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PUBLIC NOTICE FORMER NAVAL AIR STATION MOFFETT FIELD Restoration Advisory Board Meeting  



The next regular meeting of the Restoration Advisory Board (RAB) for former Naval Air Station (NAS) Moffett Field will be held on: Thursday, September 9, 2010, from 7:00 p.m. to 9:00 p.m. at: Mountain View Senior Center Social Hall 266 Escuela Avenue Mountain View, CA 94040-1813 The RAB reviews and comments on plans and activities about the ongoing environmental studies and restoration activities underway at Moffett Field. Regular RAB meetings are open to the public and the Navy encourages your involvement. To review documents on Moffett Field environmental restoration projects, please visit the information repository located at the Mountain View Public Library, 585 Franklin St., Mountain View, CA 94041, (650) 903-6337.

(650) 969-8555

AlpineVetOnline.com

Dr. Tyler Long D.V.M.

For more information, contact Ms. Kathy Stewart, Navy Base Realignment and Closure Environmental Coordinator at (619) 532-0796 or kathryn.stewart@navy.mil. Visit the Navy’s website: http://www.bracpmo.navy.mil/basepage.aspx?baseid=52&state=California&name=moffett SEPTEMBER 3, 2010 ■ MOUNTAIN VIEW VOICE ■

19

(PJOHT0O M O U N TA I N V I E W V O I C E

ART GALLERIES

BENEFITS

Buildings on Paper “Buildings on Paper: Architectural Drawings.� This exhibition features architectural drawings by Frank Lloyd Wright and others. Through Oct. 17, Cantor Arts Center, 328 Lomita Drive, Stanford. Mami Wata The exhibition highlights both traditional and contemporary images of Mami Wata and her consorts from across the African continent, as well as from the Caribbean, Brazil, and the United States. It offers a variety of media including magnificent masks, kinetic sculptures, and vibrant paintings. Through Jan. 2, 11 a.m.-5 p.m. Free. Cantor Arts Center, 328 Lomita Drive, Stanford.

Peninsula Youth Theatre Benefit “Sure Thing� is a benefit fundraiser for the Peninsula Youth Theatre featuring decadent desserts, silent auction and performances by talented PYT performers. Sat, Sept. 11, 7-10 p.m. $30 Community School of Music and Arts at Finn Center, 230 San Antonio Circle, Mountain View. Call 650-9888798. www.pytnet.org

AUDITIONS Ballet Audition for The Nutcracker Students over 13, adult students and professionals can audition for The Nutcracker. Registration begins at 1 p.m. and each dancer will be evaluated for all roles of the production scheduled for Dec. 3-5, 2010. Females should bring pointe shoes. Sat, Sept. 11, 2-4 p.m. Free. Western Ballet Company & School, 914 N. Rengstorff Ave., Unit A, Mountain View. Call 650-968-4455. www. westernballet.org/productions/open_audition. html Bay Choral Guild Auditions for 2010-2011 Season The Bay Choral Guild will hold auditions on Tues, Sept. 7 and at its first rehearsal on Mon, Sept. 13. Email auditions<\@>baychoralguild.org to schedule an audition. 7:30-9 p.m. First United Methodist Church of Palo Alto, Palo Alto.

CLASSES/WORKSHOPS Arboretum All-Stars: Proven Winners for Your Garden Arboretum All-Stars is the name of a collection of 100+ water-wise plants that are proven winners. They have been grown across California by Master Gardeners. Join Master Gardeners in Palo Alto for a talk about these different plants and how to use them in your garden. Followed by Open Garden. Sept. 4, 10-11 a.m. free. Master Gardener Palo Alto Demonstration Garden, 851 Center Drive, Palo Alto. Call 408282-3105. www.mastergardeners.org/scc.html Beginning Social Dance This class is for all levels and will teach basic popular social dances like waltz, foxtrot, rumba, jive, salsa. Sign up in class, every Thursday from 2:43-4:30 p.m. Free. Mountain View Senior Center, 266 Escuela Ave., Mountain View. Call 650-903-6330. www. mountainview.gov Creative Movement/Petite Ballet Join us at the Lively Schoolâ&#x20AC;&#x2122;s Creative Movement & Petite Ballet Classes. Individual attention, careful training. movement, music, make-believe. Taught by professional dancer with extensive teaching experience. Boys and girls, five to nine. Ongoing class. 4:30-5:15 p.m. $60/4 class series Mountain View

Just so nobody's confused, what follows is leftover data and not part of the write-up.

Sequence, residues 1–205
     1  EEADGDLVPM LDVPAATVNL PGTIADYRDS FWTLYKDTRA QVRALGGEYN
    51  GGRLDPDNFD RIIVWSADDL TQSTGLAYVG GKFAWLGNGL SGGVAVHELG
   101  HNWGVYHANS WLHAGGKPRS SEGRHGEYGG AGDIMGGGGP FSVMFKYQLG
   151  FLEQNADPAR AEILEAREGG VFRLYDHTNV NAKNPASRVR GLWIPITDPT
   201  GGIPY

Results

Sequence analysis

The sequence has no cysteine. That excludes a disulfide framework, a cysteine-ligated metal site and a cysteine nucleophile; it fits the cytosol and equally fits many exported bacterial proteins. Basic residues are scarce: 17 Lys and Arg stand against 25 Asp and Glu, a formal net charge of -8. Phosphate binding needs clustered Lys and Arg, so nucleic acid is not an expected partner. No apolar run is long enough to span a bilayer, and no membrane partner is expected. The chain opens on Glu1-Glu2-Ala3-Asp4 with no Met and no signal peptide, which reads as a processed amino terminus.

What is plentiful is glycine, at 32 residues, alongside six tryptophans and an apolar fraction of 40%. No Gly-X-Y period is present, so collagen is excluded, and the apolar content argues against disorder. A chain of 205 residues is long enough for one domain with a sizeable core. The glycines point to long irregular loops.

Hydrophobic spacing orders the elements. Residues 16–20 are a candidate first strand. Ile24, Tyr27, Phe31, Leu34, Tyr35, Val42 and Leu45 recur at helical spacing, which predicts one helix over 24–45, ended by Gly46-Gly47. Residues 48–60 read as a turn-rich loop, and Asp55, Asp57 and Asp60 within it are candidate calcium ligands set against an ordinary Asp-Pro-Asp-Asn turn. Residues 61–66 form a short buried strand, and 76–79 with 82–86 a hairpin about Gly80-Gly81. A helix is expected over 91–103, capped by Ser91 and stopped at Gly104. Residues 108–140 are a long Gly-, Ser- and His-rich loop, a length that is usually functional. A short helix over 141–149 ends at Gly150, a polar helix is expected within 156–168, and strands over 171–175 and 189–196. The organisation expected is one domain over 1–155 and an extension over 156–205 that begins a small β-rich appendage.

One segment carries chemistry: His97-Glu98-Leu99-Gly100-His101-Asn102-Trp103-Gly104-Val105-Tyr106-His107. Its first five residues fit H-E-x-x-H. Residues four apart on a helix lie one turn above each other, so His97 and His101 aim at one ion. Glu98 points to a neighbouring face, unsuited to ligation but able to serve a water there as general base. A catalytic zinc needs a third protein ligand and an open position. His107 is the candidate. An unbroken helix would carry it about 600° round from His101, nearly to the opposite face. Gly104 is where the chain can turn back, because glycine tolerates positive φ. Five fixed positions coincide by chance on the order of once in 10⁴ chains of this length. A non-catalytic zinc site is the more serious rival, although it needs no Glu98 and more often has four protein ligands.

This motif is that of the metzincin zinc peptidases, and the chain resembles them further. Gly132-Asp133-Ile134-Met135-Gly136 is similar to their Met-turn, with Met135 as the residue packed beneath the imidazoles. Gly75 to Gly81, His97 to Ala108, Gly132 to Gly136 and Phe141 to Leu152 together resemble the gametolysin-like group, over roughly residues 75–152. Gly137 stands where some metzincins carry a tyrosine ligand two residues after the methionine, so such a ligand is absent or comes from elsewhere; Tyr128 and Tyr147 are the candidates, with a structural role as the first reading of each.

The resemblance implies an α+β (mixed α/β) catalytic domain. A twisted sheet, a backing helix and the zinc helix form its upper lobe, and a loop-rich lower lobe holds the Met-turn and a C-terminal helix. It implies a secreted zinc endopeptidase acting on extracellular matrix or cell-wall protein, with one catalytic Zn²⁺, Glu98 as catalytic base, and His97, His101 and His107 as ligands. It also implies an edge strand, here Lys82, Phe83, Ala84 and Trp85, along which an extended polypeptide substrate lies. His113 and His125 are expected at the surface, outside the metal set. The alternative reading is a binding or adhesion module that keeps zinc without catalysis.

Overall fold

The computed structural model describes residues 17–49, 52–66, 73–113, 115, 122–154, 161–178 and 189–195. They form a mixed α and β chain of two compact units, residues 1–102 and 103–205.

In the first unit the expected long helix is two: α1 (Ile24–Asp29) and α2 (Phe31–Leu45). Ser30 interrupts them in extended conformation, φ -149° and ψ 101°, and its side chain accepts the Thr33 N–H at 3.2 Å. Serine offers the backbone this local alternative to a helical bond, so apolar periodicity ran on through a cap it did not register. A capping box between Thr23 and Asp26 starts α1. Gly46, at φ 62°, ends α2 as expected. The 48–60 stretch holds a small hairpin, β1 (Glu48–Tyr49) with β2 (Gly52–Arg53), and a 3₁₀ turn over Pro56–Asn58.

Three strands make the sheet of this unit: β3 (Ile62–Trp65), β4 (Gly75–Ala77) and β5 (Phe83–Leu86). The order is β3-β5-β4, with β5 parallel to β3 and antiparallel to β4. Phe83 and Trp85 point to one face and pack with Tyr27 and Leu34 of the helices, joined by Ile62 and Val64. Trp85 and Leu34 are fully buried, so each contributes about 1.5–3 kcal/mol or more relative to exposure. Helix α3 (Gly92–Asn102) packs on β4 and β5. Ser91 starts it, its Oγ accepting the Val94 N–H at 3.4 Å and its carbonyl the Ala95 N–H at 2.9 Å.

Masonic Lodge, 890 Church St., Mountain View. Call 650-969-4110. www.livelyfoundation.org Design for Super-heroes This class is about â&#x20AC;&#x153;why do things look the way they doâ&#x20AC;?. Beginning with some of the first industrial designs, from nearly 100 years ago, students discover the continuing influences of design in todayâ&#x20AC;&#x2122;s world. Class projects are design challenges for objects such as banks, lunchboxes, bridges. Sept. 12-19, 1-3 p.m. $45 members/$55 non members. Museum of American Heritage, 351 Homer Ave., Palo Alto. Call 650-321-1004. www.moah.org Free Lawn Removal & Replacement Class This seminar will teach how to replace lawns appropriately to reduce maintenance costs. Sat, Sept. 4, 9 a.m.-12 p.m. Free. Mountain View Senior Center, 266 Escuela Ave., Mountain View. Call 650-349-3000. www.bawsca.org Introduction to Loving-Kindness Meditation This is a six-week course with guided meditations and structured reflections taught by Shaila Catherine and guest teachers. No registration required. Tuesdays, 7-9 p.m. Free. St. Timothyâ&#x20AC;&#x2122;s/Edwards Hall, 2094 Grant Road, Palo Alto. Call 408-288-6322. www. imsb.org Pacific Art League Fall classes Art classes for adults and kids start Sept. 13 at the Pacific Art League of Palo Alto. More than 70 classes and workshops in stone carving, cartooning, travel sketching, oil portraits, printmaking and much more. Cost varies. Pacific Art League of Palo Alto,

NHIGHLIGHT 39TH ANNUAL MOUNTAIN VIEW ART & WINE FESTIVAL Over 200,000 art lovers gather for a celebration of 600 professional arts and craft makers. Sat, Sept. 11, 10 a.m.-6 p.m. Free. Downtown Mountain View, Castro Street, Mountain View. www.miramarevents.com/mountainview